The First Fight
My first fight was against National Puerto Rican champ Roberto Mercedes, with me as a last minute replacement. Three weeks before the fight I was approached by trainer Mike Cruz and was asked if I would like to make some money fighting. I was told about the fight and thought it would be a great way to make a name for myself. Until this point I hadn’t even had an amateur fight yet, but I was about to turn 23 and believed it was time to put it all on the line. I needed to know if I had what it took to be a champ.
In the first round I got off to a good start banging away, causing Roberto to bend over. As he came up the back of his head accidentally met my nose, breaking it in the first minute of the round. I had to quickly regroup, and did by scoring a quick knock down from a side kick to the mid-section in the fourth round. I remained dominant throughout the fight, but did not want to leave the end result up to the judges, being I was in Puerto Rico fighting their champ. The fight went into the sixth round and with 15 seconds remaining, I hit my opponent with a left hook that not only ended the fight, but to date, the career of Roberto Mercedes.
Keeping My Legacy
I went on to have two more fights in Puerto Rico and scored K.O.’s in both. I then went back to my native home, New York, where I tried to further my boxing career. In August of ’96 I was again approached by a person involved in kickboxing, and was given a shot to see if I could recapture the glory I once had. Knowing that this time I would have something to lose.
Four years ago I came in as an unknown with no experience fighting a champ, so I was expected to lose. Now I was a seasoned pro expected to win or I would prove the skeptics right in saying that I was a fluke, so this time I trained even harder. My first fight back was against Carlos Mercado. The first round started with us feeling each other out. Halfway through we got a little tangled up and Carlos landed a three punch combination to my face which meant the “feeling out” time was over. I pointed to Carlos and told him he was mine.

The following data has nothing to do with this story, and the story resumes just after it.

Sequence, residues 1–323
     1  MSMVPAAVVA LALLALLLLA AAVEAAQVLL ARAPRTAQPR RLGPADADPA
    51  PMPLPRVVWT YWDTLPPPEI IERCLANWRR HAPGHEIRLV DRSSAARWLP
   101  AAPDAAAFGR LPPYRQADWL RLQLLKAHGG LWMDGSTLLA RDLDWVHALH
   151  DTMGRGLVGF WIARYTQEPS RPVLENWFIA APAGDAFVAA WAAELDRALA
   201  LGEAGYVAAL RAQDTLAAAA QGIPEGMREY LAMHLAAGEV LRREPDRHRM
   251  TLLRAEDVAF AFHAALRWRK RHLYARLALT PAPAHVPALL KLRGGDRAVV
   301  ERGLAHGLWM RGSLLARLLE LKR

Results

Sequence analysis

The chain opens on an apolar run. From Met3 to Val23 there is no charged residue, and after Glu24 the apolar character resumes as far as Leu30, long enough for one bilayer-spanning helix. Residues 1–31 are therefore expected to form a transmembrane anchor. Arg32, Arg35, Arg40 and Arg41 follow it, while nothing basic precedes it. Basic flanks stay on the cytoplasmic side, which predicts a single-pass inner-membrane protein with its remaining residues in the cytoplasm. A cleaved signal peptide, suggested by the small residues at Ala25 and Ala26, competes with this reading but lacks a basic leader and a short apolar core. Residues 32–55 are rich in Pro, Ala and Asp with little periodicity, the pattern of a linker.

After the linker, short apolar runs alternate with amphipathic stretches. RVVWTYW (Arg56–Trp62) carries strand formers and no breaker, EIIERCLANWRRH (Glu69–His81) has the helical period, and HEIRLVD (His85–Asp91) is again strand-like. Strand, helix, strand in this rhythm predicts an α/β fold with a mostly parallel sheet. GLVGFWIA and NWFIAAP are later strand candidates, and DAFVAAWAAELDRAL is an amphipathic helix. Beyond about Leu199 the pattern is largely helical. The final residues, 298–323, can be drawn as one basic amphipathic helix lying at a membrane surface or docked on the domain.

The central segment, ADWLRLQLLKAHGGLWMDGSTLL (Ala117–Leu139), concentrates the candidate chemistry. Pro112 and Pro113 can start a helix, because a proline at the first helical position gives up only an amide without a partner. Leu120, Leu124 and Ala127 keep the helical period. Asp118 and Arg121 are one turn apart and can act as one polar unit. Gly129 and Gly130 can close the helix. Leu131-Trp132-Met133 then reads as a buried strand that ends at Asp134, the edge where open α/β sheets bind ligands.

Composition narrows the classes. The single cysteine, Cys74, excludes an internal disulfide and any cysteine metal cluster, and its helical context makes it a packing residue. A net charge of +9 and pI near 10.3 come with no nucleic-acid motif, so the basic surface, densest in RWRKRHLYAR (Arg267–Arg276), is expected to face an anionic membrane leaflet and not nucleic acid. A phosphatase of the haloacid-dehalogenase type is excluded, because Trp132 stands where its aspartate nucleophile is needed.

The next punch was a left hook that landed to the top of Mr. Mercado’s head which sent his knees knocking as he hit the canvas. The bell rang shortly after, so it would go to round 2. Within five seconds of the second round Carlos Mercado would meet the same fate as did the previous three opponents, by way of a straight right hand that once again to date not only ended the fight but seemingly the career of Mr. Mercado.
I have gone on to win five titles in three different weight classes, and that road has not been all glamour. I have had my share of disappointments, but a champion is not measured by his accomplishments, but by how he or she comes back from their misfortunes. In 1997, I fought world ranked middleweight contender John Kenny, 6’2″, 160 pounds. I did not train my best for the fight and lost by a controversial split decision. Four months later we would meet again, this time in Atlantic City, New Jersey, and once again I would have to prove myself to the skeptics that said Michael Corleone is not for real. The judges scored the fight all the same. A unanimous victory for me. Virtually a shutout. That was for the Northeast middleweight title. I started to take my skills for granted, and found to be content with just winning by decision.
I then came across a well-schooled kicker named Tommy Bottone. Once again not training like I should have, I was keeping my mind on other things. In addition to underestimation of my opponent. I met defeat again. But like I said earlier, a person is not measured by their accomplishments, but by how they come back from their misfortunes, and this is a misfortune I intend to fix. I was scheduled to fight Tommy Bottone in November then the fight was rescheduled for March. We shall wait and see if the fight ever takes place. If history repeats itself, I would not want to be Tommy Bottone come March.